Parents' Guide to


By Sierra Filucci, Common Sense Media Reviewer

age 13+

Gritty post-apocalyptic story with strong heroine.

Pure Poster Image

A Lot or a Little?

What you will—and won't—find in this book.

Community Reviews

age 16+

Based on 1 parent review

age 16+

Nine years after the earth is devastated from an atomic blast, the remains of civilized society huddle under a dome that overlooks a wasteland. Those who live outside the Dome are horribly disfigured mutants who live on a hand-to-mouth existence. When Partridge Willux, the next-in-line for leadership of the Dome, escapes into the poisoned wasteland to look for his mother, he meets a young mutant girl named Pressia. Together, the two begin a journey that leads them to an unexpected destiny. Pure, the first is a series, is an amazing, imaginative novel with excellent world-building details and character development. Recommended for Ages 16-18, but will also appeal to adults with an interest in dystopian fiction and science fiction.

Is It Any Good?

Our review:
Parents say (1 ):
Kids say (1 ):

Brisk, detailed, and strangely compelling, Julianna Baggott's first book of the Pure trilogy combines grotesque images with strongly moral characters who feel real despite their dystopian setting. As teens, both Pressia Belze and Partridge Willux are questioning their identities and developing their values. Driven by their internal sense of right and wrong, they fight to both uncover their personal secrets and find some justice in the midst of an unfair division between the "pures" and the "wretches," or those who were protected from the devastating Detonations, and those who were not.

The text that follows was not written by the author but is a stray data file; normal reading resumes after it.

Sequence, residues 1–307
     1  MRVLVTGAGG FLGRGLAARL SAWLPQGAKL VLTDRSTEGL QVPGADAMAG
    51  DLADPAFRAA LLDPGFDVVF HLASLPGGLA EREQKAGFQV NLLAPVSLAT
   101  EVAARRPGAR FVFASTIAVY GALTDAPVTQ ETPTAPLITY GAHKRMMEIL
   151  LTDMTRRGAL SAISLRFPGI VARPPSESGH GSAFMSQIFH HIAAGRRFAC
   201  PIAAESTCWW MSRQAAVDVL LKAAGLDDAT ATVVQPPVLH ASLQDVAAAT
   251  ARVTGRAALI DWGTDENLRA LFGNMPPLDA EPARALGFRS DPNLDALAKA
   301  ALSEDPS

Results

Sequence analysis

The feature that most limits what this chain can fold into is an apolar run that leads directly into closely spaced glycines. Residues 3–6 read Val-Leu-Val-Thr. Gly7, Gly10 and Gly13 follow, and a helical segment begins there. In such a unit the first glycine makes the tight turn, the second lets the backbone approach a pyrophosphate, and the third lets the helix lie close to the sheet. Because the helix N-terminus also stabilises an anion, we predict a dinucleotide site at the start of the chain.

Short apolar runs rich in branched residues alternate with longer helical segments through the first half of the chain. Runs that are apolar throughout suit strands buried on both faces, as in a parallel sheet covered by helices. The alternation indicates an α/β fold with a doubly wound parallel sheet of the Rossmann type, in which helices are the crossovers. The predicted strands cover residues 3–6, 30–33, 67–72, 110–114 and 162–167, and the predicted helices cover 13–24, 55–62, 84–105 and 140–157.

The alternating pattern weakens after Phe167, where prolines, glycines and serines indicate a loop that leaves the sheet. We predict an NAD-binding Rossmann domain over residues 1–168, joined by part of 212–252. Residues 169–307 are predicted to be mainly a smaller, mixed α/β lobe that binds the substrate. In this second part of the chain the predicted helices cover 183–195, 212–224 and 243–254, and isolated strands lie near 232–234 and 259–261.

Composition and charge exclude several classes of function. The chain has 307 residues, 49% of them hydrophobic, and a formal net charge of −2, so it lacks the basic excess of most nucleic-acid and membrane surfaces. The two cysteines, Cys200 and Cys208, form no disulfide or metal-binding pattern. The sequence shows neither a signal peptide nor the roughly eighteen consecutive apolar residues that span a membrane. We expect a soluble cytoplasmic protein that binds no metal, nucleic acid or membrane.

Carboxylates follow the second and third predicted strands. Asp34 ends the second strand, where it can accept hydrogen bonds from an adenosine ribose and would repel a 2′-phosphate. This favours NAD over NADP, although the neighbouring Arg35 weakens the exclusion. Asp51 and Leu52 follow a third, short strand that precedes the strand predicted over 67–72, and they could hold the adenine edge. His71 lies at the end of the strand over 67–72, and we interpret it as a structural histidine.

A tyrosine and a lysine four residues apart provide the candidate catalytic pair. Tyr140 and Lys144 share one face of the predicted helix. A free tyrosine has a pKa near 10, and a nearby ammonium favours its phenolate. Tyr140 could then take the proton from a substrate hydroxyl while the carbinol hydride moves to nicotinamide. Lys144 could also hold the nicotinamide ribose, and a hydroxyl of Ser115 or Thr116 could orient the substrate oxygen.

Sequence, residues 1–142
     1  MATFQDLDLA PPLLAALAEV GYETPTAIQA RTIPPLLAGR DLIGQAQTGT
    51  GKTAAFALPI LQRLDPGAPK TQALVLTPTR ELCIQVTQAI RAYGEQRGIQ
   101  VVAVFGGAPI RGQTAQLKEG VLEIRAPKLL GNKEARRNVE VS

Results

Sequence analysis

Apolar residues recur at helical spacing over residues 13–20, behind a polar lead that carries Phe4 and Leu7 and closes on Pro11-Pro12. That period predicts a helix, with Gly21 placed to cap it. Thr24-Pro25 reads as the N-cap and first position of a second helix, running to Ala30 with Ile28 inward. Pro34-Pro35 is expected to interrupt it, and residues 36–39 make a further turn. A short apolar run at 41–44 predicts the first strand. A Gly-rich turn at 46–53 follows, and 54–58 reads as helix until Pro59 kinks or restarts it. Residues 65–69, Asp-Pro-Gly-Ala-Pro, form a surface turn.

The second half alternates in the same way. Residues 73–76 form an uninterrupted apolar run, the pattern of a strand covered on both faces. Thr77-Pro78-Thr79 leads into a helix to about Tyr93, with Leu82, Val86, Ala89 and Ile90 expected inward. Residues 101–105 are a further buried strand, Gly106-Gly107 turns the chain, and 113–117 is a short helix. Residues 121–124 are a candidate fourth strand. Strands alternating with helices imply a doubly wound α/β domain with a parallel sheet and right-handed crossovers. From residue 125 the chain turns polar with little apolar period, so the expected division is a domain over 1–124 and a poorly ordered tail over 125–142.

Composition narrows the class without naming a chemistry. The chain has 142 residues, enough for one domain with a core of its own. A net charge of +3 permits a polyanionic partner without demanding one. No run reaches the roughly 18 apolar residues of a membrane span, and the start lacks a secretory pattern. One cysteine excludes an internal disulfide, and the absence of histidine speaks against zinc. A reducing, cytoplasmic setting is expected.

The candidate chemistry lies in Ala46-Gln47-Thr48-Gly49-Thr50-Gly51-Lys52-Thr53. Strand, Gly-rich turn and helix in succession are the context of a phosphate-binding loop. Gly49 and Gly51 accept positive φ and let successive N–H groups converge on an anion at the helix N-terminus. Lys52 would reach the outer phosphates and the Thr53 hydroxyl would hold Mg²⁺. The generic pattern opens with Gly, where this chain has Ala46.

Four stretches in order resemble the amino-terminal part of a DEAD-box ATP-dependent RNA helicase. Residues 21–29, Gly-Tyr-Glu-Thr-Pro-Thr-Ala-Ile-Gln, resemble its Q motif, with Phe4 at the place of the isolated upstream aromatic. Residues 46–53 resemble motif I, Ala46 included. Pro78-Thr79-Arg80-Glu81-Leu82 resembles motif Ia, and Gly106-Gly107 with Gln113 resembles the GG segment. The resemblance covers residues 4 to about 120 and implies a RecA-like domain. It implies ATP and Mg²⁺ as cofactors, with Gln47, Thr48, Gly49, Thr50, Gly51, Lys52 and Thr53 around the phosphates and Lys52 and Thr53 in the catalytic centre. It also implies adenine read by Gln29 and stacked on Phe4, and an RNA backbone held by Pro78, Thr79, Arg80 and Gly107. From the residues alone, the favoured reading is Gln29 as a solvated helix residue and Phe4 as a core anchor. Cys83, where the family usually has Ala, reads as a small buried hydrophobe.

Baggott's writing is particularly lovely, evoking tender feelings, heightened emotions, and the brutal landscape of her imagination. Teen and adult readers will be spooked by the gruesome imagery, but fascinated, too. Readers can draw connections between the items fused to each character (such a as a doll head fused to a hand) and that individual's personality, as well as connections between the moral issues related to power and corruption and real-life politics and culture. Running throughout the story is the teen-friendly theme of accepting yourself and being proud of what makes you unique.

Book Details

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